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IT guru says some e-vendor contracts violate privacy

A nationally prominent physician informaticist who serves as a member of a federal privacy advisory panel said that some electronic health-record and personal health-record vendors have placed in their contracts stipulations that would obligate healthcare providers to violate privacy rules.

Internist Paul Tang is vice president and chief medical information officer of the Palo Alto Medical Foundation, a California multispecialty group practice, and chairman of the board for the American Medical Informatics Association, a professional group whose members use healthcare data for clinical improvement and research.

Tang said he has personally seen the contract language. He declined to identify the vendors or how he came to see the offending contract provisions.

"That wouldn't be fair," Tang said. "It's just those things are in there."

Tang's observations disturbed, but did not surprise, several privacy advocates, including Joy Pritts, a lawyer and assistant research professor with the Health Policy Institute at Georgetown University. She blamed the problem in part on laxity by the Office for Civil Rights at HHS, which is charged with enforcing federal healthcare privacy rules under the Health Insurance Portability and Accountability Act of 1996.

"I'd like to say that I'm shocked and appalled by this kind of activity, but that would only be half-right," Pritts said in an e-mail response. "I'm really not that surprised. Health information is valuable and it looks like they're buying and selling it like any other commercial commodity. What's to stop them? OCR doesn't have authority over the vendors, and even if they did, what's the risk of getting caught? OCR isn't doing any compliance audits where they could actually go on-site and demand copies of contracts; they're just relying on complaints. Who's going to file a complaint? The patient? They won't even know what the provider and vendor are up to until it is too late."

Tang also serves as a member of the consumer empowerment work group of the American Health Information Community, which was established by HHS Secretary Mike Leavitt in 2005 to advise the government on healthcare information technology policy. In addition, Tang is a member of the National Committee for Vital and Health Statistics, another HHS advisory panel, and its subcommittee on privacy and confidentiality. Today, an NCVHS ad hoc work group on the secondary uses of health data on which Tang also serves is finishing off three days of meetings in Hyattsville, Md.

Tang talked at length about the offending IT contract provisions during a telephone interview Tuesday after the ad hoc work group's first day of meeting. But he initially mentioned the problem at an NCVHS privacy subcommittee meeting Jan. 23.

His remarks came during the course of a conversation on the need for urgency in adopting broader federal privacy policies to address an avalanche of new healthcare information technology vendors, products and services. Many have appeared subsequent to the 2002 relaxation by the Bush administration of the HHS privacy rule that broadly authorized the exchange of patient information without patient consent by providers, plans and claims clearinghouses for treatment, payment and "other healthcare operations."

Fellow NCVHS subcommittee member Harry Reynolds, vice president of HIPAA and information compliance officer for Blue Cross and Blue Shield of North Carolina, was talking about the rapidly changing IT environment. "There is an industry out there that is wide open, putting stuff in place," Reynolds said. "I think at some point privacy has got to catch up, or this discussion has got to catch up with it, because once it is implemented, undoing it and getting everybody to go back and change it to come back to where we would like everybody to be is not something that works well in this world."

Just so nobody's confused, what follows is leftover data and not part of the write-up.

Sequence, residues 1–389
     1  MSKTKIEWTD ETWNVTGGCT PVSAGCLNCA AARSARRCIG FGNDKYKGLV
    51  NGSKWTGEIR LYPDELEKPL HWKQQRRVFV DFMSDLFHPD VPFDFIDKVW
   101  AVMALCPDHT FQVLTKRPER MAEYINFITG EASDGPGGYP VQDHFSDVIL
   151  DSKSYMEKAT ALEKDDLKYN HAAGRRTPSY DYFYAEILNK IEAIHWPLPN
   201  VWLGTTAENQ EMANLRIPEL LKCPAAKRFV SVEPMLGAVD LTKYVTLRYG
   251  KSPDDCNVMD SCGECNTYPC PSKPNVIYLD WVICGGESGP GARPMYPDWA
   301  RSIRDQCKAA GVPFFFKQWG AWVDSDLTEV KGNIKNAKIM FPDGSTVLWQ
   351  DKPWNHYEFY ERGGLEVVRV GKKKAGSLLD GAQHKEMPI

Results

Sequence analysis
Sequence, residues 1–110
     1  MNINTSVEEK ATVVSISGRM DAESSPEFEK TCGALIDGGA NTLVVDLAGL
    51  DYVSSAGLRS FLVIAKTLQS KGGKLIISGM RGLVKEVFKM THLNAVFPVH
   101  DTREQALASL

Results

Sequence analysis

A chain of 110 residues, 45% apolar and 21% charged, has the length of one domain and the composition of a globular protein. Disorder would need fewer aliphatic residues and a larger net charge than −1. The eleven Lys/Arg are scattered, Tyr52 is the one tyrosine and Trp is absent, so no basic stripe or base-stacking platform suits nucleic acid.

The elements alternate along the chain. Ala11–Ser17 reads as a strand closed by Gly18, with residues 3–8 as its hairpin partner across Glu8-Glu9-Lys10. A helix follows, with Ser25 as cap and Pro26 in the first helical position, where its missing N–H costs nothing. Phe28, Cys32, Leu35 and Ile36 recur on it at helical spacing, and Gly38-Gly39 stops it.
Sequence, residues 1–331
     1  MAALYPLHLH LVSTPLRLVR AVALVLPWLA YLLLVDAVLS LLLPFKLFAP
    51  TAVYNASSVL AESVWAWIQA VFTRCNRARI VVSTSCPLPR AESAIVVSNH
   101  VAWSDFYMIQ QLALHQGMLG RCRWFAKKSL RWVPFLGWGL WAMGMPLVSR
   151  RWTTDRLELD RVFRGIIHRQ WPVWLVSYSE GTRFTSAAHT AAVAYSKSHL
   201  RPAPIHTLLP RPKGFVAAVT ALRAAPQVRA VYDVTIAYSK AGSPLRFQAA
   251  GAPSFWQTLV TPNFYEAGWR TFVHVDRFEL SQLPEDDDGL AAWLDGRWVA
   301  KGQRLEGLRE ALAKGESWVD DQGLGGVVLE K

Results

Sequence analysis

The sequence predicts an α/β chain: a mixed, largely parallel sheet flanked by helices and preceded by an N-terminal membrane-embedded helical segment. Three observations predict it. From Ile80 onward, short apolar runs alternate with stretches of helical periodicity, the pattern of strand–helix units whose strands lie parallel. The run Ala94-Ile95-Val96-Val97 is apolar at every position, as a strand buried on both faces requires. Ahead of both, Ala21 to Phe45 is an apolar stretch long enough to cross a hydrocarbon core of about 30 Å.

To which Tang replied, "I just want to round out, just in case Harry didn't make it clear, I am just scared of witnessing as many egregious violations. It is a changed world just in the past one year or two years. There are vendors that are obligating covered entities to do things that they are not allowed to do."

The offending provisions are not the industry standard, Tang said in the telephone interview, but they can be found in IT vendor contracts for both inpatient and outpatient systems as well as in the privacy statements of some PHR systems providers.

"There are certainly large and small vendors that I have seen contracts of that do" that, Tang said. "Some people (vendors) say they have ownership to data. There are contracts that say they will have real-time access to the database, that they will have exclusive access to the data, that they can resell the data. I think it would be unlawful that covered entities abide by that."

PHR vendors are even more problematic, because many are not covered organizations, and if HIPAA applies to them at all, it is only indirectly through "business associate" agreements with the covered groups who hired them.

"That's where there is a loophole," Tang said. "Business associate agreements are not very robust, (and) the patient consumer is usually not aware of any actions of IT vendors."

In addition, a number of new PHR providers are independent and have no link to covered organizations at all and are not governed by HIPAA privacy rules, even indirectly.

"There are more and more of these (PHRs), and they are outsourced to a company that is not a covered entity and they believe there is some financial potential of accessing that asset," Tang said. Consumers contribute data to these PHRs for their own benefit, he said, creating a "mismatch between the consumers' expectation and what's happening" in practice. "And right now, there is no law that controls that behavior and no laws that require that it be disclosed to the consumer. One of the ways that (PHR) companies get around their responsibilities is put their disclosure in the 'I agree' statement that nobody reads. Is that fair practice? It's a little bit of buyer beware."

"I think the temptation to use data in these clinical systems has always been out there," Tang said. "I think (with) the push to use clinical systems, there are just more folks using them, so there are more to get interested.

"What we're struggling with is how to control the bad apples, because the misuse of health data could hurt the good use of health data," he said.